“Houston…we have a problem.”
That infamous line uttered in the movie Apollo 13 could aptly describe the situation facing Oakdale when it comes to pedestrians and vehicles.
The issue has intensified with the recent rash of pedestrians that have been mowed down by passing motorists while crossing the street, several of whom were minors.
So when Oakdale Police initiated a crosswalk sting on a busy Thursday afternoon, March 10 on East F Street at Sixth Avenue, it came as no surprise that within an hour nearly 30 people were cited for failure to yield to a pedestrian in a crosswalk; however, the knowledge was bittersweet.
“It’s hard to call something a success when so many people were cited,” admitted Sgt. Kerri Redd. “But there is a direct correlation between the amount of accidents and the number of citations given in an area. Hopefully, it makes people more aware. Getting the word out there makes it a success.”
Perhaps, but as evidenced by a recent police dispatch entry where a motorist admitted she didn’t care about the sting and would just take the citation, there seems to be a bad attitude behind the wheel.
Last year 10 people were struck by moving vehicles as they attempted to cross the street in designated crosswalks. Some of those people suffered severe, life-changing injuries.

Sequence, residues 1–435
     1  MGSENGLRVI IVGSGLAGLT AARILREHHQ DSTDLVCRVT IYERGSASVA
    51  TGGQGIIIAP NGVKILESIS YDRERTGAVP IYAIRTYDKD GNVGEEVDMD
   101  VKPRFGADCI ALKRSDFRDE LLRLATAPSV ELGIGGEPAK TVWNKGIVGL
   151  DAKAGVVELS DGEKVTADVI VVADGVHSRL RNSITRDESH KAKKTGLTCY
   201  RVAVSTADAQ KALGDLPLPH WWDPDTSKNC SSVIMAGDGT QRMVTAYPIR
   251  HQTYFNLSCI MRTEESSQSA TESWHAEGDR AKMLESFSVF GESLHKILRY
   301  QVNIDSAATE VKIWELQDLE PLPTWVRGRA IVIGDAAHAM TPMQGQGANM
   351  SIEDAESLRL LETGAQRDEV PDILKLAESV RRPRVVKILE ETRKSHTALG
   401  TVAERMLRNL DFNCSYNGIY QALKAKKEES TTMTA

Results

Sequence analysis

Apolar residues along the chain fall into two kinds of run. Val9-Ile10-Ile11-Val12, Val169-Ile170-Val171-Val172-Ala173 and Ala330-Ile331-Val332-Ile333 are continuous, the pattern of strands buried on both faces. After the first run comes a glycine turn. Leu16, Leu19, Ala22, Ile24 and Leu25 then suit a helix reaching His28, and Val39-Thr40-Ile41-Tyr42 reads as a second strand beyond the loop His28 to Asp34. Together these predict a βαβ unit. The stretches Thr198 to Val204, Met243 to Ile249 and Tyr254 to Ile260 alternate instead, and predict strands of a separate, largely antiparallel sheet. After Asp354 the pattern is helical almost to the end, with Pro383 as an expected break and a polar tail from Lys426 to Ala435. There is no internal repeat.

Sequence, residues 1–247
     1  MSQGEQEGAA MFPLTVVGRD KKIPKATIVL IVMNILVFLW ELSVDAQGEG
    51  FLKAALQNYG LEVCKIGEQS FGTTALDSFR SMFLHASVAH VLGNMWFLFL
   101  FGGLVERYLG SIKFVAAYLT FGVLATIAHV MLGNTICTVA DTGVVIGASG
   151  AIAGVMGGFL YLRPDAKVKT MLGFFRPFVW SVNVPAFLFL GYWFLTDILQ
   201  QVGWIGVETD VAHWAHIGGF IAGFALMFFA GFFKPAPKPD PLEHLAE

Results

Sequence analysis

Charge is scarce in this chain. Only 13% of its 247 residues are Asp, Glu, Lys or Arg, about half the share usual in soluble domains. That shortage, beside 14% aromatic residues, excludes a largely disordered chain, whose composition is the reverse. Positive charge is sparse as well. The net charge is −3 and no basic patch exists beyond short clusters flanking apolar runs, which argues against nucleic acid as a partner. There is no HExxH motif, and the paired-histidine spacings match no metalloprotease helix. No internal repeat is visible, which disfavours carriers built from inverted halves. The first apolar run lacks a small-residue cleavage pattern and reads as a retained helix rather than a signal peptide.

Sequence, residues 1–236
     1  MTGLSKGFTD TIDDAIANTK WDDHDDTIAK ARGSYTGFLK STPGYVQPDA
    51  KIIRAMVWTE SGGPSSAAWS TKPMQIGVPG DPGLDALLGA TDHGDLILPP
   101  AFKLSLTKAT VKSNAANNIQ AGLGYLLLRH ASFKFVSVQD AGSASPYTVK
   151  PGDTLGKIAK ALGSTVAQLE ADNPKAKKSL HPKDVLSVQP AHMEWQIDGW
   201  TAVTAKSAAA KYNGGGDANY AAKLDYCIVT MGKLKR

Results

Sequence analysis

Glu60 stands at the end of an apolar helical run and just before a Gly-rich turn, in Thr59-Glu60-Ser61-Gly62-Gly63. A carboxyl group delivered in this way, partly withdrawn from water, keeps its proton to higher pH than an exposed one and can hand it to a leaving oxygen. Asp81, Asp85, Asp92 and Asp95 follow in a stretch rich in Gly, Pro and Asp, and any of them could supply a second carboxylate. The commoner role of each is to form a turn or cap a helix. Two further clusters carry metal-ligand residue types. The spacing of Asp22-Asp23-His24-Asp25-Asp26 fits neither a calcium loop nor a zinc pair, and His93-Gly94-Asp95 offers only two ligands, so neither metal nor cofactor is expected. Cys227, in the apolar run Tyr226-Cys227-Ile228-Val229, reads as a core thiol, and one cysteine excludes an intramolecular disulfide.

And Thursday’s event was a snapshot of just how unaware drivers have become as the Police Department Explorers used in the sting were nearly hit several times by motorists who failed to yield.
One person cited said he’d seen the teen in the crosswalk but thought he’d stopped in the middle to let him pass. The officer explained to him that, no, the teen had been trying to cross the road. The man shrugged, saying, “I didn’t know what he was trying to do. I guess it wasn’t clear.”
Police said it’s hard to believe that someone could be issued a California Driver’s License, yet not know what it means when someone is standing in a crosswalk in the middle of the road. But apparently, there are a few.
There were four officers involved in the sting and there were more violators than the operation had officers to issue citations.
The saying, “It was like shooting fish in a barrel” seemed appropriate as there were simply too many to keep up with and there were plenty to choose from.
“If the pedestrians hadn’t been paying attention, they would’ve been hit,” Redd said. “If we’d had more officers we would’ve been writing even more citations. We couldn’t keep up.”
The sting illuminated the issue, creating data that will be used for the purposes of procuring traffic grants.
While some may have been disgruntled to receive the citation, it’s important that drivers pay attention to the road.
“This goes to prove we’re not just picking on people,” Redd said. “They’re just not stopping.”
Next on the agenda, police will conduct a reverse pedestrian sting to catch people who are crossing dangerously without regard to their safety and the rules of the road.
“They’re just as much to blame. You have to exercise due caution when you step out onto the road,” Redd said. “It’s important for you to be a defensive pedestrian.”